Before I get into this review, I have one disclaimer: I never grew up with Sega. I’ve done as much research as I could about what this series has to offer, but to Sega fans out there, please excuse my naiveté.
Regardless, it is fun to watch. Truth be told, Sega is still making games, but this anime is based on the light novel series, Sega Hard Girls, which imagines all of Sega’s consoles anthropomorphized as girls. Sega Hard Girls would later become part of a crossover with Superdimension Neptune, but never mind that. This is an anime review!
So with that, grab your controllers, bring some extra change with you, or download those mobile apps. For this review, we will be revisiting Sega’s library of games with the Sega Hard Girls (and their chibi counterparts) as they take on one last task: to graduate high school!
Hello and welcome to Japari Park! My name is Lystria, and I will be your guide to this wonderful place. Here, you will find that all of our animal girls roam freely in their natural habitats, each with their own strengths and abilities to adapt to their environment. Each one of these denizens of Japari Park is a friend, and they are in search of finding more. Perhaps you might be the one they’re looking for?
Japari Park is made possible by the anime and video game that has brought it to life: Kemono Friends. Without further ado, sit back, watch out for SPOILERS, and enjoy all of what we have to offer!
At this time, I will be answering all of the questions you might have about Japari Park and Kemono Friends.
So here we are again, at anime’s take on the Sengoku period. Now I have covered this historic period extensively as it relates to anime, some adaptations better than others, granted. But this time, the series uses the classical art form of chojyugiga to tell the tale.
Now I’m not exactly an art history buff, but chojyu giga is a Japanese art that was printed on scrolls depicting humans as animal caricatures. The art began around the 12th and 13th centuries, but you may find an artisan today who still makes them. Chojyu giga may not be manga as we know it today, but its style has influenced manga in a lot of ways. The very attachment to anthropomorphism of regular human beings (albeit political figures for the purposes of this series) is one of the more obvious examples to me.
Chojyu giga are considered masterpieces of Japanese culture today, so they must be revered in high regard. But if this anime is any indication of how these works of art are to be treated, they are far from being an art style for the elite noble classes. On the contrary, the ones shown here are satirical political cartoons.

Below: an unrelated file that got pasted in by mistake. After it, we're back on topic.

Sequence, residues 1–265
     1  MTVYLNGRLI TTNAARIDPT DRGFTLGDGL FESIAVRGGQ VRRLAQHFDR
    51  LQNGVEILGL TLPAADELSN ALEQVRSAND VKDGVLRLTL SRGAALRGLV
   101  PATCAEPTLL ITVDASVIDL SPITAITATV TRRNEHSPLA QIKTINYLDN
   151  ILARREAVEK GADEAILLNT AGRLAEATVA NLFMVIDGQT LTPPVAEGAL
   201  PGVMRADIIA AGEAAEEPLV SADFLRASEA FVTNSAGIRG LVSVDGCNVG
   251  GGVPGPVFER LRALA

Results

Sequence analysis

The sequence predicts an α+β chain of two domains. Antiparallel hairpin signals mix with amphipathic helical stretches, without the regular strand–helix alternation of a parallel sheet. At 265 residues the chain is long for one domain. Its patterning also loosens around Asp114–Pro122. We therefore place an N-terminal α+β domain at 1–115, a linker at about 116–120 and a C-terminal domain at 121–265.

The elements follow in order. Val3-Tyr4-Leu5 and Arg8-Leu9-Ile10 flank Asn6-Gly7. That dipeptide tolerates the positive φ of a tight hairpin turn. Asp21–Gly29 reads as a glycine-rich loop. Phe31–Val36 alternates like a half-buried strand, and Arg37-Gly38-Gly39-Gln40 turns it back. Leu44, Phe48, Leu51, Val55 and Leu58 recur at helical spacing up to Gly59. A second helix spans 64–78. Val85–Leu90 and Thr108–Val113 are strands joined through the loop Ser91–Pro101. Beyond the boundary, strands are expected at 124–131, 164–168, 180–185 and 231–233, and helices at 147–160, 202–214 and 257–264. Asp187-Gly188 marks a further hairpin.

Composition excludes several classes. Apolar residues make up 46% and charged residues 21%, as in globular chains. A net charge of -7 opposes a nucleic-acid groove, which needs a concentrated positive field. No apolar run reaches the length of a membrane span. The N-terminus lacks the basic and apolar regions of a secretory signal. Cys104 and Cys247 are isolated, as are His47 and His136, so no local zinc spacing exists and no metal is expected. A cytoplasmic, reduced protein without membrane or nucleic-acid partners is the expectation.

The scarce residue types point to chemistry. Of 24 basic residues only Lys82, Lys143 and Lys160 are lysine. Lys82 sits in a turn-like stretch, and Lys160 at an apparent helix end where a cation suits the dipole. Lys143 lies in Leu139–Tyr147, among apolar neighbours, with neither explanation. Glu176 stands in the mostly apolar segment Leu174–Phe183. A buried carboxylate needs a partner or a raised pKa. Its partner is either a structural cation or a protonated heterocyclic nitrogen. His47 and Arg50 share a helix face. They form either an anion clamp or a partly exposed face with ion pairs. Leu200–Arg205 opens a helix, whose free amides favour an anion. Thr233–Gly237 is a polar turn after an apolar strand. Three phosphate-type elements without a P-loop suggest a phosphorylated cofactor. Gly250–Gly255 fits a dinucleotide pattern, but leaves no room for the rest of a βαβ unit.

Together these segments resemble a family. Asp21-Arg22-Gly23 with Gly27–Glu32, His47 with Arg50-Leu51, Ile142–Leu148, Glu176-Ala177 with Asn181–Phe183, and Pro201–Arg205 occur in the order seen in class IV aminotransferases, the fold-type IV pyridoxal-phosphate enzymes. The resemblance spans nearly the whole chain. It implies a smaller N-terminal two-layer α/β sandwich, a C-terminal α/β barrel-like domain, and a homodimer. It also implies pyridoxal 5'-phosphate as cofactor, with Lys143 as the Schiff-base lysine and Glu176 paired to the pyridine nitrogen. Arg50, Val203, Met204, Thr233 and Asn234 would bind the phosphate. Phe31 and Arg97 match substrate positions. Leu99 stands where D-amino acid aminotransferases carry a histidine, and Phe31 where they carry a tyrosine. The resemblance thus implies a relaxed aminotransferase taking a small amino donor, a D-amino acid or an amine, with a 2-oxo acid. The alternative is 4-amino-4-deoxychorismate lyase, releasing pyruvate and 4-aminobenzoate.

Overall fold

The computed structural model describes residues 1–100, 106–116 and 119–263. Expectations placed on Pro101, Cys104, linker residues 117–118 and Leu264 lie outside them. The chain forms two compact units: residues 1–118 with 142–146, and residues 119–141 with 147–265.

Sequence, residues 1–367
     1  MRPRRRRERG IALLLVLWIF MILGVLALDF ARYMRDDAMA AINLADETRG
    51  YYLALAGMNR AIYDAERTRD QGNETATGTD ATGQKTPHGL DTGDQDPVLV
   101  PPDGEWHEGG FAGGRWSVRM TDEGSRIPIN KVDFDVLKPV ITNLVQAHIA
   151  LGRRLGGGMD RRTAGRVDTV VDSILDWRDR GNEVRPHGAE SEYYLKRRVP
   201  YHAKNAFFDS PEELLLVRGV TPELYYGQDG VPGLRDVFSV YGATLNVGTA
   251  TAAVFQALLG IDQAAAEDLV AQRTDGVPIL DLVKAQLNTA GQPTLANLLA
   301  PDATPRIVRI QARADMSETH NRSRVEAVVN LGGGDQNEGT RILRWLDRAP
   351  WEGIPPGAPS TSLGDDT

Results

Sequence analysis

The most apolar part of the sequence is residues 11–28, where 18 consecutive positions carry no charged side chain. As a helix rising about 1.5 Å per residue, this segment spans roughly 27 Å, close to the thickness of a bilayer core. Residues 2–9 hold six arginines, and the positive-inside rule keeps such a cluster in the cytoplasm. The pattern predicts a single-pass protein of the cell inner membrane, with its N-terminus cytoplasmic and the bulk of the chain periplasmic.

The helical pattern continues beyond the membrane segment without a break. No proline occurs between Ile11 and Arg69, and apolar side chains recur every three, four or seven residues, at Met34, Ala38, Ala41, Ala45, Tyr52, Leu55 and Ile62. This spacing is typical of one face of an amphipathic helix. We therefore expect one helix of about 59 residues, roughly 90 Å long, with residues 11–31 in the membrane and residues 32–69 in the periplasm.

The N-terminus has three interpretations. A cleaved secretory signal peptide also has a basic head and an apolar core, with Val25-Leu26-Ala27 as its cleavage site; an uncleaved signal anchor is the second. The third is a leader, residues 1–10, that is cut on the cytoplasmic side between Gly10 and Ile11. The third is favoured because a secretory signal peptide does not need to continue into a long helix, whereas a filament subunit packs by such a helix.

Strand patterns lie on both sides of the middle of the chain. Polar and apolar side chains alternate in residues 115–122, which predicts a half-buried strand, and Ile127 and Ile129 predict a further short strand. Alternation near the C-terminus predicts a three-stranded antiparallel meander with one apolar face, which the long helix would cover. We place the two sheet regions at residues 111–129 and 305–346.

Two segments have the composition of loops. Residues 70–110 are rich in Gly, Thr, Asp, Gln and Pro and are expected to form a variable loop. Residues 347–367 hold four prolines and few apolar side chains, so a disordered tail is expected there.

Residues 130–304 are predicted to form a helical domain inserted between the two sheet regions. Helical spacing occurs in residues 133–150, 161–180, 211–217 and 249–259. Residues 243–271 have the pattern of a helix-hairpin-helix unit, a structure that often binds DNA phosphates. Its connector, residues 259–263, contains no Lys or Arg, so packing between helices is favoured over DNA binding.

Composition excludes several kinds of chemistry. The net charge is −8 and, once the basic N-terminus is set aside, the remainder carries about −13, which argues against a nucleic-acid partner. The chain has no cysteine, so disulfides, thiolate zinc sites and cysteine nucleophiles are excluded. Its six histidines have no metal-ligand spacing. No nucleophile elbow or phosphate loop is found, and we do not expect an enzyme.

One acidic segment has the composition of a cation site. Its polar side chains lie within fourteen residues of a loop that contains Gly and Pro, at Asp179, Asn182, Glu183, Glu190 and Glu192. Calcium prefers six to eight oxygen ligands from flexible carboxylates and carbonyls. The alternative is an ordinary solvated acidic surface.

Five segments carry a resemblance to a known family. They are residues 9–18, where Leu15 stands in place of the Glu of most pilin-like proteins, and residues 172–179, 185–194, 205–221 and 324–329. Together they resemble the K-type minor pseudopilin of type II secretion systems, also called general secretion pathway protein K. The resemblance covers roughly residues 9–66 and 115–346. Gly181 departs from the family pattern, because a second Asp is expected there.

Happy New Year, everyone!
I’m aware that the new year has started for quite some time, and some of us are still awkwardly writing and correcting “2015” for the past month or so. But if you’re following the Lunar calendar, the new year has only just begun!
While most of the world (including Japan) follows a calendar that begins in January, some people still use the Lunar calendar to refer back to the Chinese zodiac, following from ancient mythology on how the calendar as we know it first came into being. While science now has better explanations on how years actually work, it’s fun to note that the myth referred back to a race among the animals who would be revered in rank order for the rest of time every 12 years, as chosen by the gods. Each of these animals arguably have anthropomorphic qualities that are significant to East Asian culture and philosophy.
The Chinese zodiac continues to have its significance today, and this anime uses the mythology as a background for its wacky comedy. But since we’re in the 21st century, this show presents them the only sensible way for a contemporary anime: by turning all the animals into cute girls!
Glasses are sexy. At least, they can be fashionable. Of course, I grew up needing corrective lenses; and seeing that wearing glasses was usually associated with being socially awkward when I was growing up, I have a different perspective on the current glasses trend going on now.
But that’s enough of me ranting about fashion trends and sexy glasses. This is an anime that’s totally [not] BL, but it does feature some pretty high school boys acting, well, silly. And about their obsession with glasses, too. Because as we all know, people who wear glasses have a very elitist approach to life. (Ugh… this is WHY we can’t have nice things, guys!)